A breakfast meeting with David Blaine last week was a very pleasing and revelatory experience; it’s good to sit and talk with someone who really, really gets true showmanship, spectacle, creativity, word of mouth and viral publicity and who has encountered many of the same things I’ve encountered, even the Russian circus act with a coat of living minks.
Blaine is a great, great grandson of Barnum and has built his persona on the Barnum and Houdini models, always connecting with his audience and constantly astonishing them. Most importantly, he is always sure that they are talking about him. He knows that without promotion something terrible happens. Nothing!
A perfect case in point is the trick he showed me. I didn’t dare ask – it felt too gauche – but Blaine offered. He got me to shuffle a pack of cards and lay out two lines of ten cards, making sure that each one was different. Then he asked me to take ten of them and hold them behind my back. Next, he suggested I look at the remaining cards and mentally pick one. “Not the Ace, it’s too obvious,” he said.
I chose the four of diamonds and told him that I’d chosen. Next, he made a gesture and told me to place the cards I held behind my back on the table. The ten cards I had hidden behind me were now eleven in number and sure enough, the eleventh card was the four of diamonds. I was gob-smacked. I have absolutely no idea how he did it – it seems an impossible trick.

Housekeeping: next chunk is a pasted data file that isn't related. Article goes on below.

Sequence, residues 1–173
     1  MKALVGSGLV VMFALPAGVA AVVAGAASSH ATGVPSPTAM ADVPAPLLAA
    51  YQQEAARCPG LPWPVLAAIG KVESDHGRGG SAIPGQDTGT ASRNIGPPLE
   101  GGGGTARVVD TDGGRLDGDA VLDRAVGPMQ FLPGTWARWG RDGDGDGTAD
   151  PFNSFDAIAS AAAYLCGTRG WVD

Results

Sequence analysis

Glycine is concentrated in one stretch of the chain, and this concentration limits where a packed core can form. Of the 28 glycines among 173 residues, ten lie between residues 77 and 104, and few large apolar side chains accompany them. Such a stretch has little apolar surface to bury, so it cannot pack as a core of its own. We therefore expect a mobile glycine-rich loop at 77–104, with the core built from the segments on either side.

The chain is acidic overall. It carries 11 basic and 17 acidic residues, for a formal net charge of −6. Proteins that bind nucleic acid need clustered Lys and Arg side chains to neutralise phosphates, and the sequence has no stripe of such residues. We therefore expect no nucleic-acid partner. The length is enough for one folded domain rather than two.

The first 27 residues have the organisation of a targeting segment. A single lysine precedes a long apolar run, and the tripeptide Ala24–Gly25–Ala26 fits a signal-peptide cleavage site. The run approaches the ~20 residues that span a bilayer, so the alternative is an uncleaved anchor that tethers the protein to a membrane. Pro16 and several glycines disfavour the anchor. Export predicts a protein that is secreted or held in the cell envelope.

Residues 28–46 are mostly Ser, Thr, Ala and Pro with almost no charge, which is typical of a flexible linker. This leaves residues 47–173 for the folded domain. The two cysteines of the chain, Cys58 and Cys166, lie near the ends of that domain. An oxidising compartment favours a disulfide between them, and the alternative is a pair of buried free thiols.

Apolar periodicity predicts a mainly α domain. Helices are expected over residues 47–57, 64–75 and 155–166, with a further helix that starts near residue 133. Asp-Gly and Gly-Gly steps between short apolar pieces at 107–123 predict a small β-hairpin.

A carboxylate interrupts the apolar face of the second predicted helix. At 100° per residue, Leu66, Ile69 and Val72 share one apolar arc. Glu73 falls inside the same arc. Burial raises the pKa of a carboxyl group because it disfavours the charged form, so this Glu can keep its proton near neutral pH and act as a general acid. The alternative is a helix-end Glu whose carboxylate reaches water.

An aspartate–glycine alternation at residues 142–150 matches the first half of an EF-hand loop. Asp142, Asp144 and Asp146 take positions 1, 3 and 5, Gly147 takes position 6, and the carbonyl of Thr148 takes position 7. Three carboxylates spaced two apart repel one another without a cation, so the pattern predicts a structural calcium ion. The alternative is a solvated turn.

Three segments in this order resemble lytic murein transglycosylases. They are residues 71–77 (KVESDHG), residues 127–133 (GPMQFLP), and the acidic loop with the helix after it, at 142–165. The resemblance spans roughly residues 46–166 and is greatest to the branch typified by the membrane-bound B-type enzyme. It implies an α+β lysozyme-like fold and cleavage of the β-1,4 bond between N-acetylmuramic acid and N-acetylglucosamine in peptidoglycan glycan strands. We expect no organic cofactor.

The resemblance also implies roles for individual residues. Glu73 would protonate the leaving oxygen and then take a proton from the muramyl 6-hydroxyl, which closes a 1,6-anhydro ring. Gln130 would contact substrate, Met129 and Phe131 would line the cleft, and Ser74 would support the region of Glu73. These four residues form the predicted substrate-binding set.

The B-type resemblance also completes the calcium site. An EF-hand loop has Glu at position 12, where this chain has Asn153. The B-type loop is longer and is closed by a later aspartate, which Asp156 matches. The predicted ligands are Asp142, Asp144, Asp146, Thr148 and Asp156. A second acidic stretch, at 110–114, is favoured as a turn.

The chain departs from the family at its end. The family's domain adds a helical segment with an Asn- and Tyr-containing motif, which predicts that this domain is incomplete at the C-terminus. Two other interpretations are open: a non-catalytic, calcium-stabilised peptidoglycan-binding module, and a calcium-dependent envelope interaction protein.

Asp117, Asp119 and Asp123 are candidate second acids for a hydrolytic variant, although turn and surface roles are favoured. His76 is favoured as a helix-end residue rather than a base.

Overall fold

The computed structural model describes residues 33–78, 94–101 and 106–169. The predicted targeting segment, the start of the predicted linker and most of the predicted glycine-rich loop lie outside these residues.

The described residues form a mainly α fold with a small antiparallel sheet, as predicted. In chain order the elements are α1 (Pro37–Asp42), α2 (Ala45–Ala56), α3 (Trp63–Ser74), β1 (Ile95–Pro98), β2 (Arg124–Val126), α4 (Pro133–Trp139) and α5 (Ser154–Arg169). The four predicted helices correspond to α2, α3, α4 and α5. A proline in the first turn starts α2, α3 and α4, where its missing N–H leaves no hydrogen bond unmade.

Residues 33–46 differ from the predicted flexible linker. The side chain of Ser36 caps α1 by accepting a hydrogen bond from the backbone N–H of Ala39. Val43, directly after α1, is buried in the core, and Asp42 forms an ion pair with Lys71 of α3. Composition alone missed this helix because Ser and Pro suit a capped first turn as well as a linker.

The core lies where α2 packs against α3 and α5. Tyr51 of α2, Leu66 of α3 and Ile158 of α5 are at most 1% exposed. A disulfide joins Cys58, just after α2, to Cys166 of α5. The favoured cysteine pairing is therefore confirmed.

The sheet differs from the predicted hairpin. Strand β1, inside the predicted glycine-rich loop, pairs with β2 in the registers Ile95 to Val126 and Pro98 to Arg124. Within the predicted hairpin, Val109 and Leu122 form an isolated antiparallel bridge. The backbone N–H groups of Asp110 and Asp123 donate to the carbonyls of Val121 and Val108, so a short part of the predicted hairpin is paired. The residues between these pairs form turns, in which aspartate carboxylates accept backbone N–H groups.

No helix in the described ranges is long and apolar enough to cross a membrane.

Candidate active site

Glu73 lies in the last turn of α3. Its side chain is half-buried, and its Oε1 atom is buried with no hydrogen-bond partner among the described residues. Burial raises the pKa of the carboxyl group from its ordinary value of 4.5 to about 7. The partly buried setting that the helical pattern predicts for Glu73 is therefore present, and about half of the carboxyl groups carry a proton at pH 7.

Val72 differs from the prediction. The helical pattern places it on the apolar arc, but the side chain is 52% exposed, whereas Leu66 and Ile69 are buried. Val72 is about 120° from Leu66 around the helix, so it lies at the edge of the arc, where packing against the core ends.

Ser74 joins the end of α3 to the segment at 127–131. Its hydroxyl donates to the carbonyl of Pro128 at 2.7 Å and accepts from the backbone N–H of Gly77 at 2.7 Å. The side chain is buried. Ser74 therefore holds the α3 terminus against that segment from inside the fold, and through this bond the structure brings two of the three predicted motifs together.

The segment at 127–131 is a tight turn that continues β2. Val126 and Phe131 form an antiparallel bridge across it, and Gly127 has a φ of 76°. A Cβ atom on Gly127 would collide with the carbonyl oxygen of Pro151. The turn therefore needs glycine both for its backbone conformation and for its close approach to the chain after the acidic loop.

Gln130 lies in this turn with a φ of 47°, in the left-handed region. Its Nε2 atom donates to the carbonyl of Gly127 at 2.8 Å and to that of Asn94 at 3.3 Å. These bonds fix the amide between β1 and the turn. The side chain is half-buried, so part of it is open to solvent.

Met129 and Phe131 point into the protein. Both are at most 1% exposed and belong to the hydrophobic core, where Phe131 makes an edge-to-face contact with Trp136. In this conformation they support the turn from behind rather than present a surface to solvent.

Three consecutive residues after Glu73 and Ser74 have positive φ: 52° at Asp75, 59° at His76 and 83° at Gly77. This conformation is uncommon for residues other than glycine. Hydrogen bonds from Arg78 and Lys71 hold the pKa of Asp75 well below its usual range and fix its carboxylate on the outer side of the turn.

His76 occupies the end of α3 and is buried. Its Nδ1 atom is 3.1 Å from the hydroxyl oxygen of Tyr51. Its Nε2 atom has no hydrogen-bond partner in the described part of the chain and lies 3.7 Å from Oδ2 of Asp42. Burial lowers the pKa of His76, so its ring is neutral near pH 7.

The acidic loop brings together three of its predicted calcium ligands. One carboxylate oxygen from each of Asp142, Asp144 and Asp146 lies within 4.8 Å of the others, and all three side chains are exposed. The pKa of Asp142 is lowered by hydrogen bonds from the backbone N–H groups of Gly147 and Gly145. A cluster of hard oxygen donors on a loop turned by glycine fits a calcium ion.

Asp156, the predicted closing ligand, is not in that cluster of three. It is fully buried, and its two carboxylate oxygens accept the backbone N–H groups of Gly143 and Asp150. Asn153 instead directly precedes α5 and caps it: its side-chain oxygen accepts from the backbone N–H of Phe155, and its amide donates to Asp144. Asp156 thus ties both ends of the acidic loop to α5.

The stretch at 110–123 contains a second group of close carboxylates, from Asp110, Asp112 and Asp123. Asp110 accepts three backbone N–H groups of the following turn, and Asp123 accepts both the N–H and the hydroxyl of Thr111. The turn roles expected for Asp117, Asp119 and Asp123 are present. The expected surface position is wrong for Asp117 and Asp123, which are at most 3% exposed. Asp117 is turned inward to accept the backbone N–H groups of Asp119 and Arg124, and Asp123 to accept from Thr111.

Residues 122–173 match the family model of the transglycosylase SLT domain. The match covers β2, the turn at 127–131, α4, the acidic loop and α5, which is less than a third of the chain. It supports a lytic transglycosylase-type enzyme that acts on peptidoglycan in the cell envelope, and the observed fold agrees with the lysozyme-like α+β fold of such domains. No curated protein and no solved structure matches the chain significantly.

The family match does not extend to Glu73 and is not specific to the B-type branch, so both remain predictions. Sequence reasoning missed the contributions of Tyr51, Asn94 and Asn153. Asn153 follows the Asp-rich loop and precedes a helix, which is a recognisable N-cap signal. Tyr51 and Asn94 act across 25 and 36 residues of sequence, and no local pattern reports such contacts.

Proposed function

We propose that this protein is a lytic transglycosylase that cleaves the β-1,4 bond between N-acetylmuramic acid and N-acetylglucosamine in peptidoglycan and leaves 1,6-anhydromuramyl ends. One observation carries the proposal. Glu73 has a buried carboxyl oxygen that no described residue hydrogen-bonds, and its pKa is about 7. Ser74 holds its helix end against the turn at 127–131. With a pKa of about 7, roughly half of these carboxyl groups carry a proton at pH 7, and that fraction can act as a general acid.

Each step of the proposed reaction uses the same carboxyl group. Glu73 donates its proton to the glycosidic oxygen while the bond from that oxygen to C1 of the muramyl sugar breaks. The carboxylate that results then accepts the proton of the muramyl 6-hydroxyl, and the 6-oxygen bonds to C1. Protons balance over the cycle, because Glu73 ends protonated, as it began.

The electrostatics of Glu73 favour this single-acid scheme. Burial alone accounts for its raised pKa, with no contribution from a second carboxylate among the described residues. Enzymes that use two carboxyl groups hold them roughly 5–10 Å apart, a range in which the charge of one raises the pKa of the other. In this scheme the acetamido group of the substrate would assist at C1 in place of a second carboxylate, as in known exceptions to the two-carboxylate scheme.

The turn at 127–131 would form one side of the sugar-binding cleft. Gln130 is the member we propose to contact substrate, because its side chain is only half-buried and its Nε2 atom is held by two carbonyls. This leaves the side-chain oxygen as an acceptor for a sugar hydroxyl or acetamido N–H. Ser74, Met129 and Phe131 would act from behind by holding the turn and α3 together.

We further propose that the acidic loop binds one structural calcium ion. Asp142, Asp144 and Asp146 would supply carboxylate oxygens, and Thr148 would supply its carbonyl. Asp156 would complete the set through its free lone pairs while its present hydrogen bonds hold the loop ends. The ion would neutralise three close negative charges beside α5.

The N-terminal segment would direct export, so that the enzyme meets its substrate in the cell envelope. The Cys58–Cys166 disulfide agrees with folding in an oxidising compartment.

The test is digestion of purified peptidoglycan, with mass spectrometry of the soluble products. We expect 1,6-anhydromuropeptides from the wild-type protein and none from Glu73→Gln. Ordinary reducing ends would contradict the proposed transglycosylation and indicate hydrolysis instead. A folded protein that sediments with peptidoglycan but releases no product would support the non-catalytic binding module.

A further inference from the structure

But this is the reaction Blaine is constantly seeking, since he instinctively knows I would go away and talk to several people about the trick and how astonishing it was and, in this way, his reputation would be perpetuated. Now, of course, I am also blogging about it. The chances are that his reputation will spread in ever increasing circles if everyone who is astonished by him does as I have done.
Just as interesting was the revelation that Blaine actively thrived on the people who came and taunted him with food and insults whilst he was attempting to live on only 4.5 litres of water a day in a Plexiglas box above the Thames. “I needed people to react in the way that the did to get through the stunt,” he told me.
Their antipathy during his 44 days of starvation gave him something to prove to the haters and became a media focus for the endurance stunt, guaranteeing it more coverage and even comments from then-President Bush. No wonder he was heard to murmur “I love you all” when he finally completed the stunt.
He is the greatest modern showman / illusionist and will remain popular as long he can maintain the incredibly high creativity, the quality of his unique stunts and continue to amaze and astonish. Celebrities, brands and publicists have a lot to learn from David Blaine.